If you open the door to the left you are suddenly in the big room. There will be guest hooks on the wall for coats there and a small bench on the right to take off boots. But, you are still right there and can see them easily enough after you shut the door, which you would normally do before you take off your coat. Certainly it feels more relaxed and open to walk right into the big space. But maybe you should enjoy that space after you are in the room, not right as you open the door. A humble version of a mansion's long winding driveway where suddenly the home is revealed... Not sure.

Is there anything else I am not thinking of? Opinions?
 
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Old 08-27-15, 07:21 PM
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My suggestion is to have the door swing into the portico room. You now have a choice of staying in the room to get yourself together and also have the shelf within immediate reach to put stuff on. The door won't interfere with the other room. If you decide have the door swing into the other room then have it hinged to the left as you enter from the portico (handle on the right).
 
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Old 08-27-15, 09:58 PM
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Hi Norm! THANKS for the opinion. The portico is not a room; its actually a porch. It will have belly balusters on the two sides of you when you enter.

So you are voting for the left hinge. Maybe that is the way to go. When we were re-doing our interior, before we were married (I would come for extremely hard-working visits) we were first prepping the house for sale, thinking that was the best thing for us to do. I did not like how the bedroom door of the little "master" bedroom did not open and show off the whole room like the other two rooms upstairs do. I was going for an open, airy look on the bedroom floor and I loved how the colors of the rooms worked together. (The door placement of that bedroom is actually about the same as this new room I am writing about. Except in the bedroom, the wall is RIGHT there by its door.)

But now that its our room, I am liking that you can be relaxing there and the door swings open(because we have an old naughty cat, I keep it closed all the time) and you have a moment of privacy to get used to someone being there (often my husband's early-riser granddaughter peeking to see if I am up yet). In the tiny room, it acts like a mini entry-hall when it's open. Affords more privacy. So, hmm, I think I may go with that.

Later, when budget allows, I am adding a pull-over screen for that. I love those. So the room will be as much like a "screen porch" as possible on nice days.
 
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Old 09-02-15, 08:06 PM
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ordering windows...

Norm, I got window estimates and was glad to see that the Marvin Ultrex was not so much more than the the vinyl ones we priced (I think its Jen-Weld). For one bay, one double casement and 3 single casements with grids its $3,765 vs. $3,185 for the vinyl. That's a pretty reasonable price difference if they are that much better. (We have vinyl over wood replacement windows upstairs, put in 20+ years ago. They are really hard to open now. Still easy to clean, though). I have more questions to ask the salesman but hopefully they will get ordered tomorrow...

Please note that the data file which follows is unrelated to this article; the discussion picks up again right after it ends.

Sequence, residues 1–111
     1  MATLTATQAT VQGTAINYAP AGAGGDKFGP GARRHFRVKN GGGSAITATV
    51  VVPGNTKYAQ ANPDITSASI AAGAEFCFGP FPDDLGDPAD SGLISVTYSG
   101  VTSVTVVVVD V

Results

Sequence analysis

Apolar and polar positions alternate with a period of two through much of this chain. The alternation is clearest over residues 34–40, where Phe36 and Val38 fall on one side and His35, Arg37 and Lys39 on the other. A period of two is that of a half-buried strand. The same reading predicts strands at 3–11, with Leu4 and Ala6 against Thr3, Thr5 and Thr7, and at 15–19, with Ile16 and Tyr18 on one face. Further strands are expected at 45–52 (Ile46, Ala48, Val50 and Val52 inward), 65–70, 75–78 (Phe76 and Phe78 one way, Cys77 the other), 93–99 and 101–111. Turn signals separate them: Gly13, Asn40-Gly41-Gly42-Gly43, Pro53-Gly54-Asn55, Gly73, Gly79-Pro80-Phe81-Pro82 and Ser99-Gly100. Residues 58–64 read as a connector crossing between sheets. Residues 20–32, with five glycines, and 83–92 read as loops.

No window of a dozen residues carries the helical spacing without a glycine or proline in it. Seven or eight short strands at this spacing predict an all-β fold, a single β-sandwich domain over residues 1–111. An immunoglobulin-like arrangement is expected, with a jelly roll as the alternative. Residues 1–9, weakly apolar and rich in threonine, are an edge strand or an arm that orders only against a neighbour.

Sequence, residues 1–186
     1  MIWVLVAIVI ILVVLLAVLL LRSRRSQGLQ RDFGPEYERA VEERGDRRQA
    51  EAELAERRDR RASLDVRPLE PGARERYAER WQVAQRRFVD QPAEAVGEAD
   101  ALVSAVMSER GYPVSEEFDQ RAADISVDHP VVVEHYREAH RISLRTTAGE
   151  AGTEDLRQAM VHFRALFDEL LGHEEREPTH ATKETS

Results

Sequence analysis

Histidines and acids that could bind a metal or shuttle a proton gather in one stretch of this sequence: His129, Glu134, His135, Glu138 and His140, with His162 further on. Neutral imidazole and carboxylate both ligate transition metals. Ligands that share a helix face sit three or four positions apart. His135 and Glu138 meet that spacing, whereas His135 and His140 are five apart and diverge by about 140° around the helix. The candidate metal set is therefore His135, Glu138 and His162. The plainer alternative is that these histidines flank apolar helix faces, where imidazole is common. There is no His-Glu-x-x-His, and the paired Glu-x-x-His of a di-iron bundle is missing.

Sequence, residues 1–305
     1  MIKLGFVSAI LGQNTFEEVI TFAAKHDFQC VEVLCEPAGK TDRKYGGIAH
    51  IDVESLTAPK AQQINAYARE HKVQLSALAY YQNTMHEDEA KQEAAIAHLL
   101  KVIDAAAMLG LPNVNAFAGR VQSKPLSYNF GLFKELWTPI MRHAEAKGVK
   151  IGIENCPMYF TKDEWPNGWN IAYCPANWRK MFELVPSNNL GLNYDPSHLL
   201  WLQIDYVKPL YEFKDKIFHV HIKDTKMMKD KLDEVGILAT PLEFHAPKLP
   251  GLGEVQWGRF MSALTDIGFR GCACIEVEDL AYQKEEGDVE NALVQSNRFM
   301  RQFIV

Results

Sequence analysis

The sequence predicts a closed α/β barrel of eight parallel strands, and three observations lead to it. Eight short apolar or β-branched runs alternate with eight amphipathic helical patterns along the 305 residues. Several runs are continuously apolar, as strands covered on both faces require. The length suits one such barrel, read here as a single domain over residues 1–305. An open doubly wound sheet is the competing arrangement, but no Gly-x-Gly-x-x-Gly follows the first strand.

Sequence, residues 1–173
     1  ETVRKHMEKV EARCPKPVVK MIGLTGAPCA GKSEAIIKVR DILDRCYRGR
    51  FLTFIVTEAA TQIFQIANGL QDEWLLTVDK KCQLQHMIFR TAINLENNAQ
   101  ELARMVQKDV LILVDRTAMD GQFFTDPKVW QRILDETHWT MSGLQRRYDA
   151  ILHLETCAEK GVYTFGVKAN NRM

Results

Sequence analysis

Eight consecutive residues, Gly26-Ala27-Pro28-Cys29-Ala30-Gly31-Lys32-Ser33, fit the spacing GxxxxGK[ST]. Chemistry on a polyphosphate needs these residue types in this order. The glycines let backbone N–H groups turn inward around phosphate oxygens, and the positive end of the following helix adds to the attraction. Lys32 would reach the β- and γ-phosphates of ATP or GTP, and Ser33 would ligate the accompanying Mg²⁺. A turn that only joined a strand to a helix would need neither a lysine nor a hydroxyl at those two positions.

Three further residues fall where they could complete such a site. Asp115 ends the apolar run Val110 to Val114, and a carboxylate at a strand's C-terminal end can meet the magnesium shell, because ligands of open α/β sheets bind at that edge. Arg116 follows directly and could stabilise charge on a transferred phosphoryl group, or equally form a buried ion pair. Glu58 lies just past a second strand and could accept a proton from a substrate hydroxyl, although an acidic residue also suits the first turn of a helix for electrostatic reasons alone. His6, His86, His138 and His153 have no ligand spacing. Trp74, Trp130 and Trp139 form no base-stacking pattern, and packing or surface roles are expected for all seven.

#21  
Old 09-03-15, 03:19 AM
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Faith, you won't regret the upgrade on these windows.
 
  #22  
Old 09-05-15, 06:30 PM
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Well, I took your advice on it. The store had nice samples for me to see. They are casement windows, and the crank was real nice. Its all the Ultrex on the outside, and it will be plain unfinished pine inside, and I am real happy with the look. It should paint just fine. I like to paint. I should say, I am "okay" with painting -- I am willing to do it carefully and slowly to get the results I love!

The windows will be here in only 10 days!

The big bay window facing the back yard has my husband questioning, as he is trying to figure out the problem of its seat landing too high, if used as-is. My husband likes to work these things out in his head ahead of time, so he has a plan when the windows arrive. Its too late now to change the order (like ordering a taller window to bring the seat down lower).

The thing is, if we keep the seat bench as is, it will be too high. We want it comfortably low, to accommodate a decent cushion, as well as be something you pull the small table up to (a nice vintage maple table with leaves that hide within it that I'm going to refinish. Perfect for this small room we want so much from). My dh talked with the guy at the local lumber yard (where we ordered them from) today, and the guy thinks my husband will able remove the built in seat board from the manufacturer in order to build a custom seat several inches lower than the window. So he will frame the back to the shape of the window. My husband has been thinking about this all day, and is feeling fairly confident this will be do-able.

If you have an opinion, he'd welcome any considerations!

The only other option of course would be to just put the window in lower to get the seat lower, but that's not a good option. The back yard (with the view to woods in the back) goes up hill, and the roof slants low, and we had to order a special steel beam for over the bay to support it, bringing that ceiling part down even lower, so, we worked to have the window space as high as possible with all these restrictions, which is not as high as would be nice. So we certainly don't want to lower the window any.

Design-wise its fine to have that space between the bench and window bottom. I will make a foam cushion to fill it, to match the bottom cushion. And of course there will be pillows, which now won't be completely in the window this way.

Well, I am very glad my husband sounds hopeful he can do this...
 
  #23  
Old 11-13-15, 06:14 AM
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Faith,

If you're keeping up with this forum, let us know how your remodeling is going.